Three-time Grand Slam champion Naomi Osaka started her 2021 Australian Open campaign with an easy win Monday, but Japan's biggest hope in the men's draw, former world No. 4 Kei Nishikori, was unable to make it beyond the first day in Melbourne.
Osaka powered past Russia's Anastasia Pavlyuchenkova 6-1, 6-2, while Nishikori, who missed nearly a year of competition following elbow surgery in late 2019, fell 7-5, 7-6(4), 6-2 to Spanish 15th seed Pablo Carreno Busta.
Despite being drawn against a tricky first-round opponent, Osaka, who won the Grand Slam in Melbourne in 2019, raced through the opening set in 33 minutes and finished with 18 winners to 11 unforced errors while winning 81 percent of her first-serve points.
The Japanese third seed entered the Australian Open with a shoulder injury concern that forced her out of the semifinals of last week's Gippsland Trophy at Melbourne Park, but she showed no signs of discomfort on Monday.
"I was really nervous coming into this match. I played her before, and it was really tough, so I just wanted to play well," Osaka said of the three-time Australian Open quarterfinalist and world No. 39 in her on-court interview.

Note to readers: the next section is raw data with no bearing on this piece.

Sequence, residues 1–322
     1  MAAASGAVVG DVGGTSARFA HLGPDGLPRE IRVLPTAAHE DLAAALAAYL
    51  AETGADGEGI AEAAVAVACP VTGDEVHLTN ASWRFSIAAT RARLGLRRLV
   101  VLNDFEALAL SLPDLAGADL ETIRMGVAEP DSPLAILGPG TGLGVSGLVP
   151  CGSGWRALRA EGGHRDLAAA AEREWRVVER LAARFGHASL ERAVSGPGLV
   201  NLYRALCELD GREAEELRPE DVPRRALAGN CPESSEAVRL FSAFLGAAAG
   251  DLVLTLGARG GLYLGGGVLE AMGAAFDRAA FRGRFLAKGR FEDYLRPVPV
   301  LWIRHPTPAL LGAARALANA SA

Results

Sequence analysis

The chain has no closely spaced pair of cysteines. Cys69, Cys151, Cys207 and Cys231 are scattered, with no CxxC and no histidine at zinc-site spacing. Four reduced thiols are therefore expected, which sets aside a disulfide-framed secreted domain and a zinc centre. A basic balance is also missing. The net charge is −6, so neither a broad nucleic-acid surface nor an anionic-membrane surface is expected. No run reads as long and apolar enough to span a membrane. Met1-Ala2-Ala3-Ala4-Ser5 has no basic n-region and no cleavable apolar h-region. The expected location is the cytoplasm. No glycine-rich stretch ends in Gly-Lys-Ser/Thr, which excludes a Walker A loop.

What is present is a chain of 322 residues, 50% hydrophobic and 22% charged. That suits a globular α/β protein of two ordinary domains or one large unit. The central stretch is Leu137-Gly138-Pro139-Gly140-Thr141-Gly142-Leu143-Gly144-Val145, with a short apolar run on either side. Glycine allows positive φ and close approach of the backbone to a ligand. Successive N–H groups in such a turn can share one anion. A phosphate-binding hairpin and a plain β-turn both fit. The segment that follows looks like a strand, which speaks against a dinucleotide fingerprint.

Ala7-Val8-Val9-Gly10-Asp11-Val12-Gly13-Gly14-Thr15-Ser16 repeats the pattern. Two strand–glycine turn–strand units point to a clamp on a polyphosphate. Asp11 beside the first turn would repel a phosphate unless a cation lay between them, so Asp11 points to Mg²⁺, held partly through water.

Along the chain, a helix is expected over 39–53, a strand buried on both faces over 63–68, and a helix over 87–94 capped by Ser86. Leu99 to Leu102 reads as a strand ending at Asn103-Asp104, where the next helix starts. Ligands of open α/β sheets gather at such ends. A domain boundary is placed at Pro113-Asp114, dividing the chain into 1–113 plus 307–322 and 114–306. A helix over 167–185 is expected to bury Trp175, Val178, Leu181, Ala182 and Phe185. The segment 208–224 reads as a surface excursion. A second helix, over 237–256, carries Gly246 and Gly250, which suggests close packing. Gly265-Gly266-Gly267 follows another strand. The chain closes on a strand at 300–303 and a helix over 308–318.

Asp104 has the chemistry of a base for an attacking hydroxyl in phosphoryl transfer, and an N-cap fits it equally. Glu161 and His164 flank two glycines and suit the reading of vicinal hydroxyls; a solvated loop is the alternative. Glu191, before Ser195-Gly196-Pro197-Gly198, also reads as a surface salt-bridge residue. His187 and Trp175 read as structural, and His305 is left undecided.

"Physically, I think everyone feels like their body is shocked, coming in and playing matches so suddenly after such a long break. But I think we're all getting used to it, and all in all, everyone is just really happy to be here."
In his second career meeting with 2020 U.S. Open finalist Carreno Busta, current No. 42 Nishikori still looked some way from reclaiming the form that made him a perennial top-10 player before the major surgery on his elbow in October 2019.
Both men struggled to hold serve in the opening set, which Carreno Busta claimed after winning three break points to Nishikori's two. Trailing 3-1 in the second, Nishikori showed determination to move ahead 6-5 before eventually succumbing to a tiebreaker.
The 31-year-old finished the match with three aces against 12 for Carreno Busta while committing 42 unforced errors to the Spaniard's 39.
Nevertheless, Nishikori said he felt positive about the performance and his overall progress on the comeback trail.
"It was the best I've been able to play since returning (following surgery). I'm not disappointed," he said. "I need to cut down the mistakes on important points (but) I'm moving in the right direction."
The first Grand Slam of the tennis calendar began after a three-week delay because of the coronavirus pandemic. Between 25,000 to 30,000 spectators will be able to attend each day, around half of the venue's usual capacity.